Trite Sayings Come In Pairs

Ever notice how trite sayings come in pairs, and often contradict each other? This goes to show that nothing is ever absolute even in popular wisdom...

Even that "nothing is absolute" isn't absolute? -- LayneThomas

- Yes! But then again my "yes" is absolute :-) and since nothing can be absolute I guess it shouldn't count!'' :-)

See CretanParadox (not GreekParadox?)

"Almost every wise saying has an opposite one, no less wise, to balance it." (George Santayana)

Here are a few. Please add your own


---> the first saying means in effect, "don't expect to be able to fool everyone all the time", while the second means "there is an endless supply of fools to take advantage of". Their surface statements don't contradict each other, but the ultimate moral they convey does in fact contradict) They carry their context with them. The first is clearly from politics, regardless of the attribution. The second is clearly from hucksterism. As such, they're not trite and they contradict the point of this page; contextless sayings are crap.

---> Same thing here; surface meaning is merely reflexive rather than contradictory, but the intended reading is that it's a different group of people doing the exploitation, said with irony.) The intended meaning doesn't contradict at all but reinforces. X is exploitative, Y is exploitative too. And we all know there is no Z that isn't X or Y. Blech.

---> Fundamental misunderstanding of one or several of these here? The first and the third are both 'Things which are broken get fixed', and the second seems unrelated outside of the sense that the first and second are both sound-related. Also, the point of the concept of the first is to silence the wheel, so it's the same as the second in that sense. I'm not seeing a contradiction in any of these. You need to consider connotation as well as denotation. First and third refer to 'people' being noisy, some of them getting 'grease' (positive attention, project funding), some of them getting 'hammered down' (punitive). The first and second refer to opposing approaches towards certain forms of wealth... squeaky or silent you get something of value.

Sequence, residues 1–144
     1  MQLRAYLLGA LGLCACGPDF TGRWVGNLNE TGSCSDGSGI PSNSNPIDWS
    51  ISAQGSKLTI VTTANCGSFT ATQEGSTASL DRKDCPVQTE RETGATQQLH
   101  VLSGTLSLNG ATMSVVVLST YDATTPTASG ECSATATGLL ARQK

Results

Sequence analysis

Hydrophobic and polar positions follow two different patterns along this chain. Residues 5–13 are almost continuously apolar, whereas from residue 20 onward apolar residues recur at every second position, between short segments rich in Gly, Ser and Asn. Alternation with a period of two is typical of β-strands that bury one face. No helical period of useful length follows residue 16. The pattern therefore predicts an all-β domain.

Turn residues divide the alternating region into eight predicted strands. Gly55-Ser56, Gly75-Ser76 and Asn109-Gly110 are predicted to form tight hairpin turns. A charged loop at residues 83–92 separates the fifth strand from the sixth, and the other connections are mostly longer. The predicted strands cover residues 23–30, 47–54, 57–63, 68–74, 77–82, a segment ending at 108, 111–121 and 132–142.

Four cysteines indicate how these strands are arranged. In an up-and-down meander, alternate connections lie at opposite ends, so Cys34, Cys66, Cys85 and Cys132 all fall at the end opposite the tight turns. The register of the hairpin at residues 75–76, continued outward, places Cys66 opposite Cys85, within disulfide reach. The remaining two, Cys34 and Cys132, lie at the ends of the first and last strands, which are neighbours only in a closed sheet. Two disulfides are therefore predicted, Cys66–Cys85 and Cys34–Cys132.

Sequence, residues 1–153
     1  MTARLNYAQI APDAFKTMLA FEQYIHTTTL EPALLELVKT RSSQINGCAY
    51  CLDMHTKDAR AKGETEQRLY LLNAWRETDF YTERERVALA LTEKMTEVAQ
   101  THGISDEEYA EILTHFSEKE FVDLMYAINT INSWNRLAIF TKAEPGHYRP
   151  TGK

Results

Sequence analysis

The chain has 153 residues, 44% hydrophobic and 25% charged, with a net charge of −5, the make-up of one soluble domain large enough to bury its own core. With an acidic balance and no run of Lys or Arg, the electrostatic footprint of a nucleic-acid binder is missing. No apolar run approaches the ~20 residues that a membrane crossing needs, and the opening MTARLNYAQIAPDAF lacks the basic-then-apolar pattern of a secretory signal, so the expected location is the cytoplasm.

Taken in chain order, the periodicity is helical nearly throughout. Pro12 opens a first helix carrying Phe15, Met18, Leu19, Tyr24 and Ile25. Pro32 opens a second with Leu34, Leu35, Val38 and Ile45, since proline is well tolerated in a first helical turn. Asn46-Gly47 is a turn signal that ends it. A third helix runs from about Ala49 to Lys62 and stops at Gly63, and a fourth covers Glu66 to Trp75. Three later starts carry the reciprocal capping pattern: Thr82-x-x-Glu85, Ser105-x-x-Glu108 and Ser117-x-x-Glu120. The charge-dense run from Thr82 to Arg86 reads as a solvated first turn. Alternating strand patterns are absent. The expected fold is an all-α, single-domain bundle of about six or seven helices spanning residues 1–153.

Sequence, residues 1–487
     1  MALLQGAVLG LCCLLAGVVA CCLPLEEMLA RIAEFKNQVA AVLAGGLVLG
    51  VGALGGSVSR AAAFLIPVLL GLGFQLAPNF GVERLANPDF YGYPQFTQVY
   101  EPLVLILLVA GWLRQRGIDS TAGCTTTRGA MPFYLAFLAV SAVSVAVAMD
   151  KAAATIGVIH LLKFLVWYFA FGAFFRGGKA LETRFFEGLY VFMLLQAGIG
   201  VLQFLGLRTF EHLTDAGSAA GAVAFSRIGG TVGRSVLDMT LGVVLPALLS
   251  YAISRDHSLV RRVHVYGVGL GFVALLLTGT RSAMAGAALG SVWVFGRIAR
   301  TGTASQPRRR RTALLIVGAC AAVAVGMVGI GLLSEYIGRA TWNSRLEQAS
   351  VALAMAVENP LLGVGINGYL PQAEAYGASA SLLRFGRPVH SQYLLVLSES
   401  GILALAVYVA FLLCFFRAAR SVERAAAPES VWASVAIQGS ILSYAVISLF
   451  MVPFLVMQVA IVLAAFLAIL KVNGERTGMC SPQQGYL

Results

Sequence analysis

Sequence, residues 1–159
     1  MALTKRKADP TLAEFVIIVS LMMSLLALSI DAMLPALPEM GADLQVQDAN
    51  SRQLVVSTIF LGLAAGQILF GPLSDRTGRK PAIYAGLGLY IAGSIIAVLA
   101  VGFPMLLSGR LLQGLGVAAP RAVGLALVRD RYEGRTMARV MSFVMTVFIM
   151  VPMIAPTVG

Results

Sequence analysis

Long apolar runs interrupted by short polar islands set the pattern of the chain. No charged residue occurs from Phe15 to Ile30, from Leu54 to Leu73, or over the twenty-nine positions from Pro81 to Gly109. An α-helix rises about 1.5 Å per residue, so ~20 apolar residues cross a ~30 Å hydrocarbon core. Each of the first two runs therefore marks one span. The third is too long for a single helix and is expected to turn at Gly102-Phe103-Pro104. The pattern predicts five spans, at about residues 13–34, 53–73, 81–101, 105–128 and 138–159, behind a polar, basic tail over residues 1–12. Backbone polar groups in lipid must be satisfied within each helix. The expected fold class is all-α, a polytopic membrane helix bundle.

---> This is only a contradiction if freedom is equivalent to bliss. Personally I find this highly tenuous as the two are orthogonal. Again, connotation vs. denotation. "The truth will set you free" rarely refers to actual 'freedom', and very often is used with the connotation of the truth offering relief from a mental burden or troubles... not quite bliss, but similar.

Absence makes the heart grow fonder. Out of sight, out of mind


This page is a subtle example of why patterns need a context element.

Some of these are not direct contradictions - NonOrthogonality? is everywhere these days. . .

I think, furthermore, that people are just dumping their own favorite trite sayings here without regard for the intent, purpose or point of the page.

Now, BertrandMeyer talks about the distinction between a principle and a platitude (although I don't think the observation is original to him). A principle can be negated (or otherwise turned around) and still make sense, whereas the opposite of a platitude is just foolish. More on this has been written at BertrandMeyerOnPlatitudes.

I think most of these are not intended to be truths, but to give the inarticulate a way of expressing what they think or feel in a succinct phrase that everyone will recognize.

I doubt that quotes constitute trite sayings, since no one other than the quoted says it...

Except many famous quotes evolve into cliches. People in RealLife do say many of those quotes - if they are repeated often enough, they are indistinguishable from cliches/trite sayings

"What we need are some new cliches." -- Samuel R. Goldwyn

See: PointyHairedBoss ChecksAndBalances


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